I am an RN, used to be a CNA- have worked in geriatrics for 11 years total. I have worked for the last four years on an acute care geriatric psychiatric unit, affliated with a major hospital in NE. In my opinion, whether the patient can be properly cared for on an acute medical unit(inpatient psych units for all ages are also acute care-just different kind)depends upon the mental illness. Pts who suffer from dementia and sometimes schizophrenia, or who are actively psychotic, detoxing, or hallucinating for some other reason- possibly drug toxicity such as Lithium; in my opinion- do very poorly and in fact may have more complications if placed on a medical unit.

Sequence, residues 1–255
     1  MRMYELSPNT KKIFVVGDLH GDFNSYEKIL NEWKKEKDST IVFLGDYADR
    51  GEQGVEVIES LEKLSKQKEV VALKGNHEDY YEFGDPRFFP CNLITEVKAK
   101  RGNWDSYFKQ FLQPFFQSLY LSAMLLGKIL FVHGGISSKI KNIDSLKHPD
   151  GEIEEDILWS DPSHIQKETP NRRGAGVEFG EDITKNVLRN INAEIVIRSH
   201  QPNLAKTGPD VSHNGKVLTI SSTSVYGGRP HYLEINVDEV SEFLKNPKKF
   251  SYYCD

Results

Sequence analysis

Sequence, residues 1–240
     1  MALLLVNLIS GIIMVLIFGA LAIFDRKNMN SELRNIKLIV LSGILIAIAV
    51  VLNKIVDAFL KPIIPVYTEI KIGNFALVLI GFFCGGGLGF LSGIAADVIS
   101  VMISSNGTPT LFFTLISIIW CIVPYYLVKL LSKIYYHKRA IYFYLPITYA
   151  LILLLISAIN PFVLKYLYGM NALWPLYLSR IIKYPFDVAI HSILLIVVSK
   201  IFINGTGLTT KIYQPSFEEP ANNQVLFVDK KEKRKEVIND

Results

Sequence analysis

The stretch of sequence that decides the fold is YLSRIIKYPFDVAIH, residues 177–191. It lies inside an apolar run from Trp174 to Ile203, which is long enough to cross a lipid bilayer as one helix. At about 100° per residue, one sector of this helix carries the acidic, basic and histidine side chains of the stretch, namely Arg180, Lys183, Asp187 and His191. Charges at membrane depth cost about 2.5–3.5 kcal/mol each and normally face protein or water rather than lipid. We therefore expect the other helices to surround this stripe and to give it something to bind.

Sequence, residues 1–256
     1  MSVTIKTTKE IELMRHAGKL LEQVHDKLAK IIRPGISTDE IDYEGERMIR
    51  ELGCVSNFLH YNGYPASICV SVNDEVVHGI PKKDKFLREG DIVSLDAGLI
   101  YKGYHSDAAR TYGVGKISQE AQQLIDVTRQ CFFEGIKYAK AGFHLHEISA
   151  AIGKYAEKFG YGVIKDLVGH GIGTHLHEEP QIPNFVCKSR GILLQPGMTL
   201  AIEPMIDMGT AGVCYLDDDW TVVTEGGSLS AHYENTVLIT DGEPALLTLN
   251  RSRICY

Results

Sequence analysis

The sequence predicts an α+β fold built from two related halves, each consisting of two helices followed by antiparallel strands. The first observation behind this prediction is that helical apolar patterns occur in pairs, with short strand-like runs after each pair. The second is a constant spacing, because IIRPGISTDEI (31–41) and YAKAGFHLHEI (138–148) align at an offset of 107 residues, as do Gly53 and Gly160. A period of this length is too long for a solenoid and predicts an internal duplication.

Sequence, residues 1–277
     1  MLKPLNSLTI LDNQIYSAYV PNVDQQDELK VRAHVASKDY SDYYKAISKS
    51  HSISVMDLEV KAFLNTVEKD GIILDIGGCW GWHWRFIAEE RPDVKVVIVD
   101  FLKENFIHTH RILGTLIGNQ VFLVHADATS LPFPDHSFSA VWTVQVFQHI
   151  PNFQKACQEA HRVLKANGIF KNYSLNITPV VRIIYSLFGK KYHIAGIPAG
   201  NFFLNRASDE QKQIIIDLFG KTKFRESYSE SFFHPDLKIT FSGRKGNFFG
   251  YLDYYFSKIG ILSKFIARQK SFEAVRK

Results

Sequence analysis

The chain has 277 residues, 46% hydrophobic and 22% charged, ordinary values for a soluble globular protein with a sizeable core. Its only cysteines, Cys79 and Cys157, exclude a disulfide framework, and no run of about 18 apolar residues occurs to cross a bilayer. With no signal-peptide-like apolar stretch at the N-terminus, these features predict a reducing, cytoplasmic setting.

I say this from experience having received many patients from the med-surg units. There seems to be a trend with patients with these illnesses. They are "thrown off kilter" just by being ill(may not be able to cope with the changes in their routines or environs), add to that, being on a (probably) noisy, chaotic unit with many different people in and out, painful procedures at times and medications and machinery all around and it is a recipe for disaster. Not to mention the expectation that the patient stay in bed rather than wander, do what they are told and do it quickly, not disrobe or innapropriately toilet themseves, or attempt to "defend themselves" from their hallucinations/delusions by hitting other patients etc..It has also been my experience that many nurses have some fear of demented, agitated elderly AND have NO way of managing them on that type of unit so that everyone is safe; no way to decrease stimuli, or allow wandering. I could go on and on, if you would like to discuss this further, feel free to email me @ email@example.com. Hope this helps. I also have seen more geriatric psych literature lately when searching on the internet.